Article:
Probiotics: Eight facts you should know

Probiotic consumption has increased dramatically during the past ten years—both by supplementing and by consuming specialty foods.

Despite the growing popularity, though, a recent survey by nutrition company Healthspan found that there is still a great deal of confusion about them.

If you’re a novice when it comes to probiotics—or even if you’ve been taking probiotic supplements for years—here are eight facts you should consider:

 

1. Probiotics (also known as beneficial bacteria) affect every part of the body

Most people think of probiotics as an important nutrient for gut health—which they are—but you may be interested to learn they are also critical for the health of every part of the body.

The collection of bacteria living in and on our body has been dubbed the ‘microbiome.’ This microbiome consists of about 100 trillion bacterial cells, the highest concentration of which is in the gut.

In scientific circles, having a wide diversity of these bugs is being increasingly understood as essential to many aspects of health. And it’s probiotic foods and supplements that help you get these healthy bacteria.

In 2014, a landmark study published in the Journal of Clinical Investigation from New York University stated: “The composition of the microbiome and its activities are involved in most, if not all, of the biological processes that constitute human health and disease.”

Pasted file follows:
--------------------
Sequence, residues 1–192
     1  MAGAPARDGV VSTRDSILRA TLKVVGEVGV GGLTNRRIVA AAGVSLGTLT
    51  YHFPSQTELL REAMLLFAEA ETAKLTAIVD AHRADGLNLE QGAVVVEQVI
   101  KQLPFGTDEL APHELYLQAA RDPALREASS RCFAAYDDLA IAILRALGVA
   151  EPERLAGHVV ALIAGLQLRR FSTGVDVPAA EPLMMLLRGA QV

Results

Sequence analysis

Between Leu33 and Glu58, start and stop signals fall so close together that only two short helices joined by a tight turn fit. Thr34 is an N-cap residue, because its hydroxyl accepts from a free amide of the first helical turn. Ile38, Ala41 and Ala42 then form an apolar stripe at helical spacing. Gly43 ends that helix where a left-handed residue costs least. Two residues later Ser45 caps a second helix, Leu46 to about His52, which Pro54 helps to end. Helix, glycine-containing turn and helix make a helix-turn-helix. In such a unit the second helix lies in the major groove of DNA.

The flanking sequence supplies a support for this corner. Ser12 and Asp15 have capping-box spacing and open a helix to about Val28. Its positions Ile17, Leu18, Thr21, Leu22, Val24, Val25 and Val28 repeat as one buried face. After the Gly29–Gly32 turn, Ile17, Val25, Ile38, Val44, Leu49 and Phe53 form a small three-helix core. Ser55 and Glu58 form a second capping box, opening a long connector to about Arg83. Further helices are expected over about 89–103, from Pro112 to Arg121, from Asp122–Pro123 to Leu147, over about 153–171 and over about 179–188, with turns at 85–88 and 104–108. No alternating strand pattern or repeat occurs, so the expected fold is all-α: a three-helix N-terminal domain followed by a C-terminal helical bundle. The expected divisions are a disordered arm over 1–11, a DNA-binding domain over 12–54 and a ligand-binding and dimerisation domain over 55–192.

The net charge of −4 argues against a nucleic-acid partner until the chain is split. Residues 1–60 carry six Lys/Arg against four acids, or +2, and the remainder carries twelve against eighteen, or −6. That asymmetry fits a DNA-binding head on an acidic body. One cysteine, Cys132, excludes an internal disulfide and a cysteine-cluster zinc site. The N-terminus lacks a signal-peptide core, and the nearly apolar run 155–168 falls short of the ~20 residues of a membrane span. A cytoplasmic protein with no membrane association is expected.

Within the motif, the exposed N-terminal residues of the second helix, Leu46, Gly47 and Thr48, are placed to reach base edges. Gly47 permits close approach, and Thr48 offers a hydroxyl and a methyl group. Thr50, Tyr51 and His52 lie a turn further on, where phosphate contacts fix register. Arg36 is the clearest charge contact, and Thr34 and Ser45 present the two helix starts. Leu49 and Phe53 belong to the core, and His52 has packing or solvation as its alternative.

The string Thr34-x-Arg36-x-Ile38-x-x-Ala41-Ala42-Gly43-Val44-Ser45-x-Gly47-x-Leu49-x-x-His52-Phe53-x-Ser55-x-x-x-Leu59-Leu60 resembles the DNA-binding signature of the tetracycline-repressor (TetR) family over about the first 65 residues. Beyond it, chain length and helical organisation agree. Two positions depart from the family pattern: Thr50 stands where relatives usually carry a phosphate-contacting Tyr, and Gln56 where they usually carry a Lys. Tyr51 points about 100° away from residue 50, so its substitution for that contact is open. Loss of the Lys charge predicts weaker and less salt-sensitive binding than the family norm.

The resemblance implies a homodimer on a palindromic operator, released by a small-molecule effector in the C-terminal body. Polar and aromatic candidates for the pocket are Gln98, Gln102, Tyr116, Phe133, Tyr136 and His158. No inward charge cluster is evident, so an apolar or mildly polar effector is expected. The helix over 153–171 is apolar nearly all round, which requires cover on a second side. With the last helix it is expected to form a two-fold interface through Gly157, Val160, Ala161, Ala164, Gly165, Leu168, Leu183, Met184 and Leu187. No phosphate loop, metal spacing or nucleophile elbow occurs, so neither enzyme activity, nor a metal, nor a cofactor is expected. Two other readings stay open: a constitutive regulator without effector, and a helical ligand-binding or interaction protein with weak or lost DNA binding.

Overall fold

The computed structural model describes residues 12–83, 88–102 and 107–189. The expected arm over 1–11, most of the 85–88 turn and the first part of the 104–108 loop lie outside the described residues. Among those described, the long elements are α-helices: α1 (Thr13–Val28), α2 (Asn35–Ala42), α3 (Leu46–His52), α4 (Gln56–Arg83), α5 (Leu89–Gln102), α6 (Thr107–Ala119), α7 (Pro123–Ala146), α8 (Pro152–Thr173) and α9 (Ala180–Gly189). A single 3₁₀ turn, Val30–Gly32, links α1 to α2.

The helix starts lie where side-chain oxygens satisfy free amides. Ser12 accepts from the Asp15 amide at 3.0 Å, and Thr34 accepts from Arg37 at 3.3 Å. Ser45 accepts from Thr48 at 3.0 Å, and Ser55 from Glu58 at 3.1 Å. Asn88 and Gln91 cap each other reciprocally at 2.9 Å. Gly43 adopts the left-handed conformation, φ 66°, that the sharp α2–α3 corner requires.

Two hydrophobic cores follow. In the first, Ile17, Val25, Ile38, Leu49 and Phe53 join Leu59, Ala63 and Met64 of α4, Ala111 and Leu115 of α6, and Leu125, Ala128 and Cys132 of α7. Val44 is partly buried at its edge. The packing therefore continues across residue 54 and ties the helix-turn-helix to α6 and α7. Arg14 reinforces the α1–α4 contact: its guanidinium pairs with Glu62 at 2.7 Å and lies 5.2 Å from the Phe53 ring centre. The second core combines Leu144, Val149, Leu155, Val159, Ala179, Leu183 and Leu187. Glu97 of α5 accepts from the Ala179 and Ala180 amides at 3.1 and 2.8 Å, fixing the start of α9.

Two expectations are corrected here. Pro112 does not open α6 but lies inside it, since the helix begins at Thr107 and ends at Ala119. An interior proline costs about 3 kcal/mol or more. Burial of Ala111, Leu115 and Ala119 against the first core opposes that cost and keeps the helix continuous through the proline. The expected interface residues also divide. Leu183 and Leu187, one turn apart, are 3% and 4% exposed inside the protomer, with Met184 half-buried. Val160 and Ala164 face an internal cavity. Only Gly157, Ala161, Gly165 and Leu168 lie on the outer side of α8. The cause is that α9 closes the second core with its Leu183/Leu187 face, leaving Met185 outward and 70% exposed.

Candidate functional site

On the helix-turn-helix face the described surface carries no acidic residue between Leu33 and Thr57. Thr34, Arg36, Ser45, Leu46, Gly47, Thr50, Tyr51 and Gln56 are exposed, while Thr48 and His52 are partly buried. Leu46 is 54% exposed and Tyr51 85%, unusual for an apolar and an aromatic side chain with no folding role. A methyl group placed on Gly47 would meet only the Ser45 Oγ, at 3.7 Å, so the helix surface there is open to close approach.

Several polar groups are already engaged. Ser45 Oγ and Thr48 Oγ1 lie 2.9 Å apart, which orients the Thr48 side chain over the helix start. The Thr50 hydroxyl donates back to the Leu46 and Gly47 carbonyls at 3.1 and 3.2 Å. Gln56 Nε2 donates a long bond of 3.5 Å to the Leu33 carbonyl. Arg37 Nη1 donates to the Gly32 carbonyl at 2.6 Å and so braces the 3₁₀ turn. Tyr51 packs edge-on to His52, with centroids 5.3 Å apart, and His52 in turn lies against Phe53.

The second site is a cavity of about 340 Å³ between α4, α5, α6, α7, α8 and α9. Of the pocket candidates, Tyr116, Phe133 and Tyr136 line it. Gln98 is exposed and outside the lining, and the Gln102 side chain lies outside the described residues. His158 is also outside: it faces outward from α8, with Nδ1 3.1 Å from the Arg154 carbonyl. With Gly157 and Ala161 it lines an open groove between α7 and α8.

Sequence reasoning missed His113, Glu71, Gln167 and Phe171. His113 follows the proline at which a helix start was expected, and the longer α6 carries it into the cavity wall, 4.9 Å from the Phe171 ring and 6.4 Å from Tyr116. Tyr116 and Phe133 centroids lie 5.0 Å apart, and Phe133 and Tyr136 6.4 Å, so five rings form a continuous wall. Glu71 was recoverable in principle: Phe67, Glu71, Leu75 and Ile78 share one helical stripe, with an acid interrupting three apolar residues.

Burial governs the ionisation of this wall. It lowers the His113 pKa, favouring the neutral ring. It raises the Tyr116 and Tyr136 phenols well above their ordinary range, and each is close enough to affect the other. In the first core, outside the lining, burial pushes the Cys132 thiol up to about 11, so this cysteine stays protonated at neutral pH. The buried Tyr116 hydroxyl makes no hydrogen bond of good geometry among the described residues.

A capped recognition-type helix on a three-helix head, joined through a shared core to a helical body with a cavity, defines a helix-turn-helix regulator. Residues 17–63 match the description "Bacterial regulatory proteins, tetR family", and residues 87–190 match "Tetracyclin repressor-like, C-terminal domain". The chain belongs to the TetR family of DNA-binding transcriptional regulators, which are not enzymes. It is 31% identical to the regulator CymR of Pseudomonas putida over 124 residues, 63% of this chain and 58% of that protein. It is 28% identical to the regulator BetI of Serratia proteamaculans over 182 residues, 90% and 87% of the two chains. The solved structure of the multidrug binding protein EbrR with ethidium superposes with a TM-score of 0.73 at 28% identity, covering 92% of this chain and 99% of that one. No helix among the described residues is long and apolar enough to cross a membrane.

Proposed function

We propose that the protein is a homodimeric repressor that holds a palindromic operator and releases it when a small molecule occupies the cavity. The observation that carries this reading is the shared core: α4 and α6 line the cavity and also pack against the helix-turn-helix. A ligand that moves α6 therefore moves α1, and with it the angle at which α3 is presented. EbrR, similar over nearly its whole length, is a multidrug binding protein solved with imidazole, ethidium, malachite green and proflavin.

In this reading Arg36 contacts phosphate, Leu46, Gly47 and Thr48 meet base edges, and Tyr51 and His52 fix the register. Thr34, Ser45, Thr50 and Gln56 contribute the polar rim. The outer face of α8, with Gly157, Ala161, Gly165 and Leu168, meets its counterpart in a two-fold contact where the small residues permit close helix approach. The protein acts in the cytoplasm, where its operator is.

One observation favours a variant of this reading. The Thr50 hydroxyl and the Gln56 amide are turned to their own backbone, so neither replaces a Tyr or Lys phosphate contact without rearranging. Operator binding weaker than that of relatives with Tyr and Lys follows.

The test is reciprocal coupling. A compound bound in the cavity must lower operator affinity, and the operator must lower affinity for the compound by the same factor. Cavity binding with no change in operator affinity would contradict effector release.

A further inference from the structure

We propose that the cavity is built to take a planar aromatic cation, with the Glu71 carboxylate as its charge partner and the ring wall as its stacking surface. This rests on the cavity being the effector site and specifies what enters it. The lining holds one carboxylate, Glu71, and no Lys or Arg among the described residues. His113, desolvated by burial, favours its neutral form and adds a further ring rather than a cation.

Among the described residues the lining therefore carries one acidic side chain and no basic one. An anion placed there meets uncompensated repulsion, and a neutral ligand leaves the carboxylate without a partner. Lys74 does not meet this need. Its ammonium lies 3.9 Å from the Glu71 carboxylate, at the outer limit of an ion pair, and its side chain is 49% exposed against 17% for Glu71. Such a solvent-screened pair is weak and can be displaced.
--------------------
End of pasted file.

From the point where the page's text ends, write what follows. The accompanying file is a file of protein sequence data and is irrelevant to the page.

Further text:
Other peer-reviewed studies have linked poor gut bacteria to low immunity, skin conditions, Irritable Bowel Disease (IBS) and autism.

 

2. Poor gut bacteria is linked to weight gain

If you’re trying to lose weight you might want to toss out any fad diet pills you purchased, with all their side effects, and invest in probiotics instead.

Here’s why:

Many of us have a depleted microbiome to begin with because we are eating a poor diet. A poor diet is defined as one that is high in sugar, refined carbohydrates, processed foods and artificial sweeteners.

This kind of diet depletes our beneficial bacteria.

If our microbiome doesn’t contain enough friendly species of bacteria we tend to extract more calories from the foods we do eat—leading to weight gain—whatever our diet.

Moreover, bacteria interact with hormones in our intestines that regulate appetite, such as leptin and ghrelin.

In short, low counts of beneficial bacteria—or probiotics—in your gut encourages hormone activity that that makes you hungry all the time.

 

3. Your gut’s bacteria quality affects brain function

An optimal bacteria balance is also fundamental to the functioning of the enteric nervous system—also known as the second brain—which is located in the gut.